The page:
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PopCo Paperback – 2 Aug 2004


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PopCo + Our Tragic Universe + The End Of Mr. Y
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Product details

  • Paperback: 448 pages
  • Publisher: Fourth Estate (2 Aug 2004)
  • Language: English
  • ISBN-10: 1841157635
  • ISBN-13: 978-1841157634
  • Product Dimensions: 23 x 15 x 3.4 cm
  • Average Customer Review: 3.6 out of 5 stars  See all reviews (61 customer reviews)
  • Amazon Bestsellers Rank: 2,009,636 in Books (See Top 100 in Books)

More About the Author

Scarlett Thomas was born in London in 1972. Her other novels include Bright Young Things, Going Out, PopCo and The End of Mr.Y, which was longlisted for the Orange Broadband Prize for Fiction 2007. She teaches creative writing at the University of Kent. Her website is at www.scarlettthomas.co.uk

Product Description

Review

'Clever, likeable, frothy, zeitgeist-chasing - fans of Doug Coupland should find much to enjoy here.' -- Time Out

'No heroine this year was more beguiling than Alice in Scarlett Thomas's Popco...this book might just change your life.' -- Suzi Feay, Independent on Sunday

'Thomas captures the mind-set of brand-savvy but insecure professionals...her writing is sharp and energetic' -- The Guardian

'Thomas restores the novel to its primary purpose: a blueprint for a revolution. It is an outright amazement.' -- Scotland on Sunday

Book Description

A brilliant mindmelting adventure from the author of The End of Mr. Y --This text refers to an alternate Paperback edition.

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Customer Reviews

3.6 out of 5 stars

Most Helpful Customer Reviews

36 of 38 people found the following review helpful By random tangents on 13 April 2009
Format: Paperback
The code-breaking information was fascinating and the beginning of the book gripped me almost instantly. Scarlett Thomas writes in a way that I feel she is expressing things I've thought about, but never contemplated writing.

Ultimately though I found long stretches of the book where I felt I was being condescended to and preached at: Despite having been a strict vegetarian (on-off vegan) and immersed in that kind of literature for two decades I felt the pieces about the negative impacts of factory farming and the milk industry were too heavy handed and almost propaganda-like. There are some similar stretches about beauty, identity and fashion which were also patronising.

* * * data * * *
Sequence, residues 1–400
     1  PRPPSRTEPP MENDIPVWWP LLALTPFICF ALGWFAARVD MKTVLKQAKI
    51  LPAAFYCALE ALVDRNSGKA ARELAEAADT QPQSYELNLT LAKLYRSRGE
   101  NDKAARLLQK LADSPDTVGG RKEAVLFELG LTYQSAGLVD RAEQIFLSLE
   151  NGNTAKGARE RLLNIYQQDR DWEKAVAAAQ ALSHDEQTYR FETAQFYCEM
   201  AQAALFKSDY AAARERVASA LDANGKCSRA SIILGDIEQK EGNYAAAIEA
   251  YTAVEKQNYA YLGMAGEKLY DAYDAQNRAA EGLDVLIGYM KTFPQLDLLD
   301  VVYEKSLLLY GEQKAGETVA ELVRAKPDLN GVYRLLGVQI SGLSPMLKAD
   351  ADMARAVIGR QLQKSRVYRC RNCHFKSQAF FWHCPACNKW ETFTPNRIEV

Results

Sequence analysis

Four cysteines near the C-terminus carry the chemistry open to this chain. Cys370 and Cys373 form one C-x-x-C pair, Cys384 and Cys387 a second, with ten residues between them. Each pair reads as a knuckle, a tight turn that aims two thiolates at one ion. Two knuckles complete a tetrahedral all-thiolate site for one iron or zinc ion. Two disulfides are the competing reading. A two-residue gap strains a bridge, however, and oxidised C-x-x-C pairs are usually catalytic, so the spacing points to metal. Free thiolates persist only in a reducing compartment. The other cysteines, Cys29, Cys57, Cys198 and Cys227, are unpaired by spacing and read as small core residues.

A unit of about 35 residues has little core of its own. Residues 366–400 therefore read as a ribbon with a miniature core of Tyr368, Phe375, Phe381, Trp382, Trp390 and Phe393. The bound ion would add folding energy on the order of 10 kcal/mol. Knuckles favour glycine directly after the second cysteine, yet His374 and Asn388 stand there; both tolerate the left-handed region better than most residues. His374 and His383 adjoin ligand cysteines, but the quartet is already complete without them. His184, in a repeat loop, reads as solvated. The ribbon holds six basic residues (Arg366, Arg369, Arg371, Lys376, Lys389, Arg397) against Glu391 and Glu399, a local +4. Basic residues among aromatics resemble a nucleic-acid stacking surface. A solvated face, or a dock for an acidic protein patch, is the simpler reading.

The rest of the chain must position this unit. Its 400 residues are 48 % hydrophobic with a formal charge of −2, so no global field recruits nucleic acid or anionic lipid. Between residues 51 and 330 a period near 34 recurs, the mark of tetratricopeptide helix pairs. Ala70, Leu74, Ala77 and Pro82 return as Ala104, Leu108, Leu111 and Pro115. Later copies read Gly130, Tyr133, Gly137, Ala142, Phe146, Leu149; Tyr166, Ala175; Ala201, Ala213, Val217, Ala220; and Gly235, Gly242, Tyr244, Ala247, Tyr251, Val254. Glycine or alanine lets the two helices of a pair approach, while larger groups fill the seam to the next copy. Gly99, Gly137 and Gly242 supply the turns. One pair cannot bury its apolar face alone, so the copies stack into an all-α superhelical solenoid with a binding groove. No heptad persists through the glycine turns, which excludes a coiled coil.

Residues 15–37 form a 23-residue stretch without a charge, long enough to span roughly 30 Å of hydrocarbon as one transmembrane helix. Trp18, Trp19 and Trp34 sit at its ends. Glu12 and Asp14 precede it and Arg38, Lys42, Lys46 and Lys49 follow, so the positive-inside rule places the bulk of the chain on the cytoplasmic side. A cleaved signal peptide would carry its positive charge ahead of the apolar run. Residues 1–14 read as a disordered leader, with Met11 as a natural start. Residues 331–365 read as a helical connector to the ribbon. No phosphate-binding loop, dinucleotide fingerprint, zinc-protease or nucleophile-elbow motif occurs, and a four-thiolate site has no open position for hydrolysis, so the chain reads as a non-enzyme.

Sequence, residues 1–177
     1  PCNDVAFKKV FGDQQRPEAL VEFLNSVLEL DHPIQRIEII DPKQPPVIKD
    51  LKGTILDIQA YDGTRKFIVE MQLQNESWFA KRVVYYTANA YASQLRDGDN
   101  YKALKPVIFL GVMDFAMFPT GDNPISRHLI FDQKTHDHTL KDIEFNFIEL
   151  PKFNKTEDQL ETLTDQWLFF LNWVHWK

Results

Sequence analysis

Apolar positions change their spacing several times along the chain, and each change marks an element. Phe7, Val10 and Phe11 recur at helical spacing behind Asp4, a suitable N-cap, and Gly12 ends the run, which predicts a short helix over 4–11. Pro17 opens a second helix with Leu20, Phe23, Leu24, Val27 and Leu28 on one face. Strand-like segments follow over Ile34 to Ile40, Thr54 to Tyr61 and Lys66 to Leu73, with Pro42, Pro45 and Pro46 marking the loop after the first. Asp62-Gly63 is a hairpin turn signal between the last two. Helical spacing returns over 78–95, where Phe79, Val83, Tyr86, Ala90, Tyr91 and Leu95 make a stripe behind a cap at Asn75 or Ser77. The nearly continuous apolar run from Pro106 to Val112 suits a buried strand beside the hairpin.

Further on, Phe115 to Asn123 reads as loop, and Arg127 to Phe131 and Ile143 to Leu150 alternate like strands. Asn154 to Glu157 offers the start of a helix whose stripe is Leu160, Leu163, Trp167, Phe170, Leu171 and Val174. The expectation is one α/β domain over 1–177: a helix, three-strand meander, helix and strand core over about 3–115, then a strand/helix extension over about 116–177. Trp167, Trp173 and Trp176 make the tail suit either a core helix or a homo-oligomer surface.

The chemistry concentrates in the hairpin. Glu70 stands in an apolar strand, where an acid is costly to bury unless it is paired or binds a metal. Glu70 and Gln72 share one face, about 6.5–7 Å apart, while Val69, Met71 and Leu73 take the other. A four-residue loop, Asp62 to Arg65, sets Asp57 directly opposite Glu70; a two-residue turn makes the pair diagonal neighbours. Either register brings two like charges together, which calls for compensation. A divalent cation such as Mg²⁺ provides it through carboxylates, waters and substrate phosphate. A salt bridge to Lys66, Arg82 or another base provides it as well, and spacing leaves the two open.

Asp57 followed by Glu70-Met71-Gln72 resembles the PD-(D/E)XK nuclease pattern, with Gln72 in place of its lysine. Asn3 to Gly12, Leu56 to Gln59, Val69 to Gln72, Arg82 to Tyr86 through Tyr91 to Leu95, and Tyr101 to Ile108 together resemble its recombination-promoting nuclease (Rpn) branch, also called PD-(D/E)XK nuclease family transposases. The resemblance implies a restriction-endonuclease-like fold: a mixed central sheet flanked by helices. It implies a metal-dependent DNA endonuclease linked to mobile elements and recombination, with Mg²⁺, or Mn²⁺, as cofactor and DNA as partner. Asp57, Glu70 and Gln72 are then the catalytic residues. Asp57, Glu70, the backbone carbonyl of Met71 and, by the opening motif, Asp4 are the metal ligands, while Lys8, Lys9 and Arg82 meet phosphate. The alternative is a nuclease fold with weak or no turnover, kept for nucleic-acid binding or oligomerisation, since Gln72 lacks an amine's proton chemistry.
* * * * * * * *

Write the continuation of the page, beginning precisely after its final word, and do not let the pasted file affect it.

Unlike some of the other reviewers who were wowed by the ending, I left the book wondering if I had missed a chapter. To me, the ending felt rushed and a little forced (Thomas even seems to hint at this with her protagonist writing a book which she is unsure how to finish), almost like stories I used to write at school for English homework, thinking "I'm bored of this now, how can I get to my planned end piece?"

Despite my comments above (and below) I do recommend this read, although I preferred "The end of Mr Y". I might be a little more wary of her other books, I'm not fond of being preached to and I think thomas needs to be careful of preaching to the converted.

--Please don't read this part of the review if you haven't read the book in its entirety--
Whilst reading this book, I couldn't help harbouring a sense of doom wondering what sinister reason there could be that the NoCo members were coincidentally the same people that PopCo chooses as its elite marketing crack team.
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50 of 53 people found the following review helpful By Anna on 1 May 2009
Format: Paperback
For the first 300 pages or so, this had become my favourite book. Reviews tend to involve a lot of hyperbole, but when I say this was temporarily my favourite book, that's the simple truth.

Let me start from the beginning. While it's wholly irrelevant, aesthetically the book is gorgeous. The page edges are dyed a rich, dark, royal blue and cracking it open feels almost decadent; certainly luxurious. The first few pages are a little disconcerting, inasmuch as, small font, narrow margins, no dialogue... it's a wall of text, and it makes it appear inaccessible. But as soon as you start reading, you've got through that and you're happily sitting on Alice Butler's shoulder while she tells her story.